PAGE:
This is a good rule. And the O.P. is an example of why this is a good rule.

    The O.P. was confusing to several individuals because it was incoherent. It presented a scripture on the resurrection and compared that to the LDS doctrine that we are created in the image of God and then asked if these indicated a conflict with the doctrine of pre-existence. (three, unrelated points….)

    It was incoherent partly due to the inaccuracy of descriptions of the source the O.P. used. In this case the Wikipedia article that was written by someone who was, obviously, not particularly familiar with Church of Jesus Christ of LDS theology nor historically oriented.

    USING A NON-HISTORIAN AS A SOURCE FOR HISTORICAL INFORMATION
    The author of the description of pre-existence is not particularly historically oriented though they are attempting to present historical information.
    The author says “Ancient Greek thought and Islam affirm pre-existence, but it is generally denied in Christianity.” The historical implication is incorrect.

    The author does not point out the historical context that ancient Judaism and ancient Christianity ALSO affirmed pre-existence of spirits anciently. This leaves readers with an inaccurate conclusion.

    While the article correctly points out that Origen did believe in Pre-existence, he came to reject it in later years. The value of Origens testimony is that he tells us that pre-existence was the doctrine taught by the earliest Christians despite his ultimate rejection of it as he aged. Remember, pre-existence is the ancient Judeo-Christian doctrine and the authors mixing of ancient and modern theories creates historical incoherence and confusion.

    The article also fails to mention that one main reason for the Jewish loss of this doctrine (among the orthodox) was the prohibition from studying any theme or question having to do with pre-creation time periods. Thus, this popular ancient doctrine would have been lost among all Jews that obeyed this prohibition though the descriptions of pre-existence of spirits remains a dominant theme in their early literature.

    The author is somewhat loose with conclusions as to how the doctrine became less favorable to Catholics which influenced other christian movements. For example, the author says “Those who reject pre-existence, which would be every Christian denomination that accepts the conclusions of the Second Council of Constantinople (i.e., all Catholics and Eastern Orthodox Christians and many Protestants)

    The conclusion that “Many protestants” do not believe the spirit exists prior to the body at birth is debatable and should probably be “some protestants” since protestants are not bound by any Catholic or Eastern Orthodox theological conclusions. In my two protestant congregations, growing up (methodist and baptist) they both believed in the pre-existence of the spirit. The wikipedia author simply doesn't give us any data supporting a theory relating to how many and which protestestants believe the spirit is created before the body (as opposed to which believe the spirits is created AT birth, or AFTER birth).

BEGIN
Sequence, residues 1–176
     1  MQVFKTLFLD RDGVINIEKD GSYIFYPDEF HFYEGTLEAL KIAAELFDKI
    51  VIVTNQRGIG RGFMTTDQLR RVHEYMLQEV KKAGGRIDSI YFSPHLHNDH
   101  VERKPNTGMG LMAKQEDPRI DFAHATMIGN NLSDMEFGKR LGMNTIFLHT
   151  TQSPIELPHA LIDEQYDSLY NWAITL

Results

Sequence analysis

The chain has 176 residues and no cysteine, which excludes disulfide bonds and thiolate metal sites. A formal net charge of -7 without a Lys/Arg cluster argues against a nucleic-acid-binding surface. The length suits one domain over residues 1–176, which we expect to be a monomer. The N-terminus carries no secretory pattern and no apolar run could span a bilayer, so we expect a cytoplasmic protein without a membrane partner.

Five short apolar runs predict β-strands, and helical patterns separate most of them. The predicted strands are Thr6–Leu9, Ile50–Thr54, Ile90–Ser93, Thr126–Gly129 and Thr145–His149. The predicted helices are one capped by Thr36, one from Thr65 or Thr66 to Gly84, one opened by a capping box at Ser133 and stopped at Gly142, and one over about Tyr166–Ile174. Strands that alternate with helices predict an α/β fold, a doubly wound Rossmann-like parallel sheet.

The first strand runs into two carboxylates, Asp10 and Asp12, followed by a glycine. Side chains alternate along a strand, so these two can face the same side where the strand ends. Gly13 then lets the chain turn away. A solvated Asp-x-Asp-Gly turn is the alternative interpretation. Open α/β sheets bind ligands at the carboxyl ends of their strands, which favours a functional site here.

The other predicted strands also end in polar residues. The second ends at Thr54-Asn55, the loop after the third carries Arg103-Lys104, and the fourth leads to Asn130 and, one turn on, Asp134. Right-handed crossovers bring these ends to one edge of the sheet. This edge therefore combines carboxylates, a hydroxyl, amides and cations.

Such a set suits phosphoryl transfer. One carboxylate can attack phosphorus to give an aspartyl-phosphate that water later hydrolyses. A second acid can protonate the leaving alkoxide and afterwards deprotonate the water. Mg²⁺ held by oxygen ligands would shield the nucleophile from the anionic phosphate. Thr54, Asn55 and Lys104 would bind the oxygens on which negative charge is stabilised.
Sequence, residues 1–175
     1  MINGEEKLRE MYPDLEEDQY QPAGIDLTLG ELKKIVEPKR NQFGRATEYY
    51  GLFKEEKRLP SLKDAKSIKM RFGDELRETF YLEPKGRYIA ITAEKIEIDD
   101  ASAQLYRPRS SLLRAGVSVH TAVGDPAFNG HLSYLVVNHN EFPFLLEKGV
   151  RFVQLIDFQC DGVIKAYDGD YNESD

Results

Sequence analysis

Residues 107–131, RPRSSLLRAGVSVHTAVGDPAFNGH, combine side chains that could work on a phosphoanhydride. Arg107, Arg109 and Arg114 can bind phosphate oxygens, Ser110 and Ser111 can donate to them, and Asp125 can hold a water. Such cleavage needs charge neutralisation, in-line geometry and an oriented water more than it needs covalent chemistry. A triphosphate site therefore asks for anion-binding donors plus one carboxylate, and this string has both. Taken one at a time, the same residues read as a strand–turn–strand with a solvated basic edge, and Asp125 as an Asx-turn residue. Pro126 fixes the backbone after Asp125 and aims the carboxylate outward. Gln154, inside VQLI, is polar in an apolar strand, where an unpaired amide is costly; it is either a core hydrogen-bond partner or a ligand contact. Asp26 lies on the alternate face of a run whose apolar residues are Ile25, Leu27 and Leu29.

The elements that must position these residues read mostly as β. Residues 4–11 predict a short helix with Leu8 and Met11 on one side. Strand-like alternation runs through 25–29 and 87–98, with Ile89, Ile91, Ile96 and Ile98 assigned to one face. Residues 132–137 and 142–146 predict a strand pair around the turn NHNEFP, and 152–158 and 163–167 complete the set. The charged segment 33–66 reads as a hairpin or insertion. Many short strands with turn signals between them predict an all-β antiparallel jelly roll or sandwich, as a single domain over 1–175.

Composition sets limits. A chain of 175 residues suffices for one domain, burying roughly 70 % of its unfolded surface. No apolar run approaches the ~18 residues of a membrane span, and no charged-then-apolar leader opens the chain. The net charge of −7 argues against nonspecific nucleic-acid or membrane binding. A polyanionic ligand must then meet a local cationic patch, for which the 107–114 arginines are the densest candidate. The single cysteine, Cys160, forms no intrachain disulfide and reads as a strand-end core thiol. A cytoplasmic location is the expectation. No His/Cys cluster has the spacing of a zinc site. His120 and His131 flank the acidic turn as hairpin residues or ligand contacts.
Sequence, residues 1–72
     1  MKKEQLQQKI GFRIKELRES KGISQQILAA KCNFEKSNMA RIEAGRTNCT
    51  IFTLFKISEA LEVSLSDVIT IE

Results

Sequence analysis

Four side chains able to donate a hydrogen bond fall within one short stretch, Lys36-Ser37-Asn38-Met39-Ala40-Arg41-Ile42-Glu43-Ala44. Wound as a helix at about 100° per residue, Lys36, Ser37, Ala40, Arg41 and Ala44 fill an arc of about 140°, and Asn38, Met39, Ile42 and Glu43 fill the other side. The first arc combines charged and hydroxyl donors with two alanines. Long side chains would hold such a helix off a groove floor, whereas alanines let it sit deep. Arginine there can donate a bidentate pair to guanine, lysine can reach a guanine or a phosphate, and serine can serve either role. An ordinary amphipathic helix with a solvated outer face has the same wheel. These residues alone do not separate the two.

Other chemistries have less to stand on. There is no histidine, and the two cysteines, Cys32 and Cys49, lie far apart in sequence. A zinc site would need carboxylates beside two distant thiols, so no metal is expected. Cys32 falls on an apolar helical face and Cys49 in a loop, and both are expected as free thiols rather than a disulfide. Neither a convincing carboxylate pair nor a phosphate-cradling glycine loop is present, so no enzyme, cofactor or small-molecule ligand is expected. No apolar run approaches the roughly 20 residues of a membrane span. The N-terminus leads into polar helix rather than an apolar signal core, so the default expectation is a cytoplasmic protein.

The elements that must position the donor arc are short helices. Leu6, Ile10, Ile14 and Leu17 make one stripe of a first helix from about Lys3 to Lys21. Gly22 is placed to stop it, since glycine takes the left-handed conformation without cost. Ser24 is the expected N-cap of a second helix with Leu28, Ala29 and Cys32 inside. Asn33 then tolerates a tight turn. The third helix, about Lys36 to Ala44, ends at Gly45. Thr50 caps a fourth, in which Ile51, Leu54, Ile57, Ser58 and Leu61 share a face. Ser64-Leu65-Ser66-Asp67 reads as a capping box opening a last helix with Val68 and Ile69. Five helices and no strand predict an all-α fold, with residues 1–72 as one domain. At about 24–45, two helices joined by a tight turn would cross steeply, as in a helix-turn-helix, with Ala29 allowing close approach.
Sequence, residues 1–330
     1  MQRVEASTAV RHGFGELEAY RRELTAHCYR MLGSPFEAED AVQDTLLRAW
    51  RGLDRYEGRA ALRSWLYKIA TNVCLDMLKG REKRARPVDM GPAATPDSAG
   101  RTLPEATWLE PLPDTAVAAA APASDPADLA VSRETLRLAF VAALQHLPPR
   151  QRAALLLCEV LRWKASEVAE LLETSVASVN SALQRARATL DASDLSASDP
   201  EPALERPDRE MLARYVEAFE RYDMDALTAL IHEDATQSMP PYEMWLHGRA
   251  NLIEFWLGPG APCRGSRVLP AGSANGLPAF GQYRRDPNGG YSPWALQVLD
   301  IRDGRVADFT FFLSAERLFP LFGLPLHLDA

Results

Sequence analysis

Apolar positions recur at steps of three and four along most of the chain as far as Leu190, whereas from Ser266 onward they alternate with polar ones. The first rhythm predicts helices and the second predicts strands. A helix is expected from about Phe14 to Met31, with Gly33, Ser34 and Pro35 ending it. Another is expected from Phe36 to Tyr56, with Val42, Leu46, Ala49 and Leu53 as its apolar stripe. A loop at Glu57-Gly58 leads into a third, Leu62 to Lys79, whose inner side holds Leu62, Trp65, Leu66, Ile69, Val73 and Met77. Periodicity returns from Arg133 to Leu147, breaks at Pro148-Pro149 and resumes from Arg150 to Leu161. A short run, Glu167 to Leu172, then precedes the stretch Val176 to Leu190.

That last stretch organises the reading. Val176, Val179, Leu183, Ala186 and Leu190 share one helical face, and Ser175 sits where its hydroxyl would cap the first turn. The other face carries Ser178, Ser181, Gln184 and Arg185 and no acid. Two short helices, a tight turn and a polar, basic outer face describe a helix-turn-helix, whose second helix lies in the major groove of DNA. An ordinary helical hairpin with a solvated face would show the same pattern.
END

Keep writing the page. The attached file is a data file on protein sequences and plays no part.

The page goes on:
THE BIZARRE INTERPRETATION OF THE BOOK OF MORMON TEXT

    The Wikipedia author quotes a book of Mormon text Jacob 9:8-9. which is a text dealing with future conditions if Jesus had, hypothetically, NOT accomplished his atonement. Then, In a bizarre twist of the text, the author then applies this text to describe the past pre-existence and the war in heaven. This strange use of the scripture is very bizarre and historically incoherent.

    While there are wonderful and detailed descriptions of the historical Judeo-Christian-Islamic historical belief in the war in heaven which was described in so much of the early Jewish, Christian and Islamic literature, this specific history is not described anywhere in the book of Mormon that I am aware of and it is only indirectly referenced in the Old and New Testaments and only referred to tangentially in the Holy Quran. The fuller history resides in other early historical literature.

    The point is that the O.P. uses and accepted a source that incorrectly describes LDS scriptures and offers a and historically incoherent version of that scripture creates a tendency for confusion in the subsequent discussion.

    Katzpur was correct in the very beginning. I do not think nPeace did this consciously, nor do I expect nPeace to automatically know much about early Christianity or a modern version of it, but using sourcing from believers who describe their own beliefs rather than using someone as a source who doesn’t really know much about the doctrine they are describing, (at least not enough to even use the base text correctly) is the best policy.


    Clear
    ειφυτωσεω
     
    #105 Clear, Sep 17, 2020
    Last edited: Sep 17, 2020
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  6. Watchmen

    Watchmen Well-Known Member